job seekers: job search tips


Here are some helpful tips on everything from cover letters to interviews.

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resume tips

In the first 20 seconds, your resume will only be glanced at, not read. Your resume needs to stand out above the others if you want it to get attention. Following is a checklist of things to consider.

  • Customize your resume for the job that you are seeking.
  • Keep it condensed, one page or two maximum, depending upon your level of experience.
  • At the top of your resume, put your name, address, home phone number, mobile/cell phone number and email address. Position this information so it takes up a maximum of three lines instead of six.
  • Start with a summary of your overall experience and skills and keep these to one or two bullets using key search words. Call this heading “Professional Work Summary” or “Work History Summary”.
  • Define your duties and responsibilities as accomplishments and/or as benefits. Don’t use “responsible for...” You need to sell yourself. Your resume is you, and you are the product that the buyer/reader just can’t live without!
  • List your “Professional Work Experience or Work History” in chronological order, most recent first. Provide your title/position, previous employer, city/state and the start and end dates. (Use the word “present” instead of an end date if currently employed.)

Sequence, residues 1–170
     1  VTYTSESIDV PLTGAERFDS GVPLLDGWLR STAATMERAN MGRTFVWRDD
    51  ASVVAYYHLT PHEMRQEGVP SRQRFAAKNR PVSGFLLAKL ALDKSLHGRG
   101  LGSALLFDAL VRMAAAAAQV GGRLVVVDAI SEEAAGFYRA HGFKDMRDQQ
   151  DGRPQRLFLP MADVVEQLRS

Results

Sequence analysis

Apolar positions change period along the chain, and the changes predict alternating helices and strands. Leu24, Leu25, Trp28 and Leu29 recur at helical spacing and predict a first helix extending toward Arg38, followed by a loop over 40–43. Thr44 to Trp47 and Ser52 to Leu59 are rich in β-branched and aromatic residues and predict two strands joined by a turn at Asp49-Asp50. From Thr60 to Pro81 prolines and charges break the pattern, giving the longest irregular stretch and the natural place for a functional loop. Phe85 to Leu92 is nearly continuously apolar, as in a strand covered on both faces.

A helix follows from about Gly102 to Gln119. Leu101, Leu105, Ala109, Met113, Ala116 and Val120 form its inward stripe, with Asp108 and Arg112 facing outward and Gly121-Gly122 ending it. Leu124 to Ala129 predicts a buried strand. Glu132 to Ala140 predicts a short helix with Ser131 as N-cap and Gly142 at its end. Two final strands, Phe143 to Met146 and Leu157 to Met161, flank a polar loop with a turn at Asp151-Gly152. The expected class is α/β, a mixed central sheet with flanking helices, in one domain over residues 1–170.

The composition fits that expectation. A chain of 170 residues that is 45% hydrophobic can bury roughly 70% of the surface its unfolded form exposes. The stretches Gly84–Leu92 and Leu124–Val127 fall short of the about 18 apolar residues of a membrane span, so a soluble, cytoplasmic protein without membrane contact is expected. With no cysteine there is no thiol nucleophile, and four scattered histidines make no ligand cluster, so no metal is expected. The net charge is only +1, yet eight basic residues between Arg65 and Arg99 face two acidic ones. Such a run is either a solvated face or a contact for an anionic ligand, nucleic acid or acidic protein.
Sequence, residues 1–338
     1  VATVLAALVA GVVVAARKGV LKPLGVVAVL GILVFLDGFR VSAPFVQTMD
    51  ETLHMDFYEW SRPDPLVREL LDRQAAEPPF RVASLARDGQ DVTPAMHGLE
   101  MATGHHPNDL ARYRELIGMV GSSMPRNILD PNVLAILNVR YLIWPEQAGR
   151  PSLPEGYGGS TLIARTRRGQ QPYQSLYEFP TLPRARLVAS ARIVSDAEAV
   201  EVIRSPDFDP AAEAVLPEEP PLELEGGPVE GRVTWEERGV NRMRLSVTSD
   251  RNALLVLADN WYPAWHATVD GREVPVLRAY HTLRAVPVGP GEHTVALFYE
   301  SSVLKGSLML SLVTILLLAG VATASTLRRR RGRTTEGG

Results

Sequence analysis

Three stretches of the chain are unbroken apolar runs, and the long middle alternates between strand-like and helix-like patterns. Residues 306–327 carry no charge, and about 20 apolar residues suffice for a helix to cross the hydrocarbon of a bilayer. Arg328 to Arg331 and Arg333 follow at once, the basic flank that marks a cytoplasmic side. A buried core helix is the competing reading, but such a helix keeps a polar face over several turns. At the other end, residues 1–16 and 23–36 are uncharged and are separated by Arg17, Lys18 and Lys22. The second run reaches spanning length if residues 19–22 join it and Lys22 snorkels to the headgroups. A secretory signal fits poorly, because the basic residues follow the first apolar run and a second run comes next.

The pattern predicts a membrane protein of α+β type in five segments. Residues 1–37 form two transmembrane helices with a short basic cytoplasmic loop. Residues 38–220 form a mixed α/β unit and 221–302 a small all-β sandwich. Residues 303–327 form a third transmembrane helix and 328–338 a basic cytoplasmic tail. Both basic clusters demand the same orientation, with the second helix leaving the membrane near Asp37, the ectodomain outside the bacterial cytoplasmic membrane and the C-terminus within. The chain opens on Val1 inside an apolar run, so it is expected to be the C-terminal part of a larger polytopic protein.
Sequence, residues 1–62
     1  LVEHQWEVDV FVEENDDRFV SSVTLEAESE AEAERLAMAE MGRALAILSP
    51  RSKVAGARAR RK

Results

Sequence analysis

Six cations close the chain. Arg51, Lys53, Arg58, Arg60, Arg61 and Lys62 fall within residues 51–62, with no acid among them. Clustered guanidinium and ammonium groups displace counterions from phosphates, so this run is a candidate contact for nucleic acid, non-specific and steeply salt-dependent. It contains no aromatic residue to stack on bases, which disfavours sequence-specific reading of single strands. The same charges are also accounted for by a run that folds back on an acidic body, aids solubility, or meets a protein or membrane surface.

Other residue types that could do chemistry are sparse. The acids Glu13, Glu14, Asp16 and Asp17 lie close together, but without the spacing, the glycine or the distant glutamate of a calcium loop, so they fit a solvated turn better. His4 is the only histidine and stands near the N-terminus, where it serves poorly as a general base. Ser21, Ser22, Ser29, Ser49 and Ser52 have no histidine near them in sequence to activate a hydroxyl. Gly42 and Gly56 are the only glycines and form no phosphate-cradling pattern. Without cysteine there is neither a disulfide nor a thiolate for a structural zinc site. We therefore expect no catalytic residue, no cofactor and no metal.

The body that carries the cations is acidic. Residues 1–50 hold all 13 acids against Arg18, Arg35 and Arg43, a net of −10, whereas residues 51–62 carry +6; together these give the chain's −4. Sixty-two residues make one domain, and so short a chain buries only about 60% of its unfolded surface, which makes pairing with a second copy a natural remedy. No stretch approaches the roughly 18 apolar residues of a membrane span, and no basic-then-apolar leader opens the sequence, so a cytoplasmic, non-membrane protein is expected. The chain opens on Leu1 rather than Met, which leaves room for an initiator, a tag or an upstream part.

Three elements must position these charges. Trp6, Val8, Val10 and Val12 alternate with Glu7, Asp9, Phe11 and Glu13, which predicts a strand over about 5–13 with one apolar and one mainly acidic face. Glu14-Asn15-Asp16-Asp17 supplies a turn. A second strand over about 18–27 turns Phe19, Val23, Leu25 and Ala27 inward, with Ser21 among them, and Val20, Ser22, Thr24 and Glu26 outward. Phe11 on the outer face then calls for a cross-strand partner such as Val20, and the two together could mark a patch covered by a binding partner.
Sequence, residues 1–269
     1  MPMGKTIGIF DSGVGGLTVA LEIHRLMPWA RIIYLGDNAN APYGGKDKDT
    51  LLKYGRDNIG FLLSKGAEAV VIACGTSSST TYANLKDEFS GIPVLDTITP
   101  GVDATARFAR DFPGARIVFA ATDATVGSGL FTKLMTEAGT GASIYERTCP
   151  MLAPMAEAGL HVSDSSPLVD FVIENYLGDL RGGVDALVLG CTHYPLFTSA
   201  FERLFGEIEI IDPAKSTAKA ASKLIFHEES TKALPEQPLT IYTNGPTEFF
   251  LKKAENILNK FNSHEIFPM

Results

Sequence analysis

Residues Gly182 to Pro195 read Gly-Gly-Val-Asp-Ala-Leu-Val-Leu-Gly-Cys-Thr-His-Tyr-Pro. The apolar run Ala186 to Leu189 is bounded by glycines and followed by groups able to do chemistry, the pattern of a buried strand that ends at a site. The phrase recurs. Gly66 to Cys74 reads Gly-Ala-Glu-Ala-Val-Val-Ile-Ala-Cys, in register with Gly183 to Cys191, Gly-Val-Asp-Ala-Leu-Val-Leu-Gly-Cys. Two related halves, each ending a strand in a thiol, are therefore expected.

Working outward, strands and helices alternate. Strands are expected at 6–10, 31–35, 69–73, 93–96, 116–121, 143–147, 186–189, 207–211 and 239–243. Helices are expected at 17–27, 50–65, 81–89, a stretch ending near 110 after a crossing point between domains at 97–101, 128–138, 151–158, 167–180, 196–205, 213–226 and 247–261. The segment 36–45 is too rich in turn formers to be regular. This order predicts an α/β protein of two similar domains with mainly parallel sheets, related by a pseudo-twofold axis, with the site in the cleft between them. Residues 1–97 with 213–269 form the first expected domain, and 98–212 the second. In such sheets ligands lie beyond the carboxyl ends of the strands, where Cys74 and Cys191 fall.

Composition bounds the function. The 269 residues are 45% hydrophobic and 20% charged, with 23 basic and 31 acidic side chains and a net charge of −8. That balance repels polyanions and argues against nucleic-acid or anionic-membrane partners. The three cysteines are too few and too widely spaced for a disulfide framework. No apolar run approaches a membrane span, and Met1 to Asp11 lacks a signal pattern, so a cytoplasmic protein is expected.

• It’s best not to go back more than ten years on your employment history unless it’s relevant to the job.
  • Under the previous employer/company, give a brief description of the product or service of the business. This gives the reader an idea of the type of industries where you have worked.
  • List your skills. If you are bilingual, indicate this as a skill with the language(s) you speak. Call this heading “Skills.”
  • List your education in highest degree order. Provide the type of degree or certification, the institution name, the city/state, and your major. Depending on the type of job you’re seeking, you should also put your minor and your GPA. Call this heading “Education.” Usually you don’t go back any further than three to five years, and then you would not provide the dates at all.
  • List your professional awards and honors under the education heading.
  • “References Available Upon Request”, isn’t needed! List your references on a separate page, bring them with you to the interview and provide them if requested. (Make sure this page is on the same paper and in the same font, etc. as your resume).
  • The appearance should be professional...no happy faces or weird fonts or sizes. Use a bullet format consistently throughout your resume.
  • List out your professional memberships. Call this heading “Professional Affiliations.”
  • Check your spelling and grammar. Don’t rely on Spell Check! It must be free from errors.
  • Create your resume in various formats, especially to send it electronically. Types of versions are: print, text-based (ASCII), Rich Text (RTF), Portable Document Format (PDF), and Web-based (HTML).

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